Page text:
Any one of these types of real estate licensees can help you find a home, and get the best deal buying it. The important distinction is not the person's title, but his knowledge and experience. For a variety of reasons, many excellent real estate professionals choose not to become supervisors. Similarly, as in any profession, you will always find real estate licensees--supervisors and supervised alike--who lack adequate knowledge, intellect and competence to do a proper job getting you the best home.
The important thing when seeking a licensee to represent you is to get references from people you trust, and/or interview several real estate professionals. Ask lots of questions, and choose someone you feel will be honest, hard-working, communicate well and fill the needs that you have.
In relation to Kevin's post (below), either a broker, agent or principal broker can choose to join the National Association of REALTORS® (NAR), thus becoming a REALTOR®. If local custom allows it, a licensee can choose not to join NAR, in which case he cannot call himself a REALTOR®. In all candor, however, few licensees choose not to join NAR, making the value of choosing a REALTOR® mostly hypothetical in many areas of the country.
NAR and its large member firms have such a strong hold on regulators and local multiple listing services in many places that NAR is able to effectively require all real estate licensees in those places to join NAR in order to join any multiple listing service (MLS). MLSs are the backbone of today's residential real estate industry. To not join an MLS would make practice in residential real estate a virtual impossibility.
I hope this has been helpful. Please feel free to contact me if you have questions about this information.
If its the latter you do need to look at your state. In Oregon, we like to be weird so all of our Real Estate agents are now either Brokers or Principal Brokers, the latter indicating more education and time in the field, and the level that allows you to supervise other Brokers.
In most states there are 2 basic types, a RE agent and a RE Broker, with the RE Broker being the one with more education and the license to supervise other agents.
Any of the different titles, as long as its "Real Estate" associated with it, will be able to help you find a home. And like one of the other responders said, any of these might be Realtors or not, depending if they belong to and follow the National Assn of Realtors rules, ethics etc.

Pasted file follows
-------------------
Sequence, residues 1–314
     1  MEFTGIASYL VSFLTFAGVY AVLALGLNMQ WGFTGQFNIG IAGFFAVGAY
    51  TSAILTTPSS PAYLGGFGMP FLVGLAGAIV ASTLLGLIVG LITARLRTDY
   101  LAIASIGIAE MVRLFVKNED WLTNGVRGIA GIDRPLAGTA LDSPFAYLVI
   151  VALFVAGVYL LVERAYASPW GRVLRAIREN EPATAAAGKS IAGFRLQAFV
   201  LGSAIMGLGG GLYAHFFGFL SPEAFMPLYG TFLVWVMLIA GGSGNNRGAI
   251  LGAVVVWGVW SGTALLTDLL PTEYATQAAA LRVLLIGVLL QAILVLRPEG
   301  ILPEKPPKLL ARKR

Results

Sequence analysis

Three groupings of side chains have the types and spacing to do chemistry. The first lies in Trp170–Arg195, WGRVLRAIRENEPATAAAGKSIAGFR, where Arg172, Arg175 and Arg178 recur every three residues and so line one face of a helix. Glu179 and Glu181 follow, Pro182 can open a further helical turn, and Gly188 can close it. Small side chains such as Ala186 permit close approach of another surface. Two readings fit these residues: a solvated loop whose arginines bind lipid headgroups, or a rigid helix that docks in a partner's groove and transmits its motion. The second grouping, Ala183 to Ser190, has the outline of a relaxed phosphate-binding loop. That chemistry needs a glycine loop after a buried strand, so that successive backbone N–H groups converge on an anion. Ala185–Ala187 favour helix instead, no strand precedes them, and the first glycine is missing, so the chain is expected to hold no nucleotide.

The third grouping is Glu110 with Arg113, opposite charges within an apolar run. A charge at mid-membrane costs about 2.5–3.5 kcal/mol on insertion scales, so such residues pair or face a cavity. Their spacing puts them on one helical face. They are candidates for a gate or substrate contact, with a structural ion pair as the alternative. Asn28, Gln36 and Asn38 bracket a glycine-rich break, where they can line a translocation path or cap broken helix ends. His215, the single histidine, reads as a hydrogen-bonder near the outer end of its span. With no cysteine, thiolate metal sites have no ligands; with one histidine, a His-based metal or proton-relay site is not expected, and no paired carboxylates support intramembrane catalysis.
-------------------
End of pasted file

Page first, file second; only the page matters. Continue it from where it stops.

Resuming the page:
If you're talking about a "Loan Broker" they team with your RE Agent or RE Broker and do the coordinating of your loan, while your RE Agent or Broker helps you find the home and coordinates the process to close.
All these different terms can be thrown around and get confusing to a buyer, and then their exact definitions vary from state to state, so its understandable that you're wondering about the difference.
I hope this helps! Find someone with some experience that you trust, especially a referral from someone you know, and you'll be fine! Most Real Estate Agents, Brokers and Principal Brokers are knowledgeable and dedicated to doing a good job for you, so you should be fine. And you can always fire them and find another if you're unhappy.
Best of luck,
Stephen Fitzmaurice, Realtor
I am a full-time licensed Portland Realtor and I am available to help in your home search.
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Also, there is a broker or associate broker supervising agents and the daily operation of an office. A REALTOR regardless of being a broker or agent has a code of ethics they must abide to.
Agents and or brokers in PA are both fully capable of providing the same level of service. If MI has buyer and seller representation, I suggest you chose the REALTOR that serves your needs the best.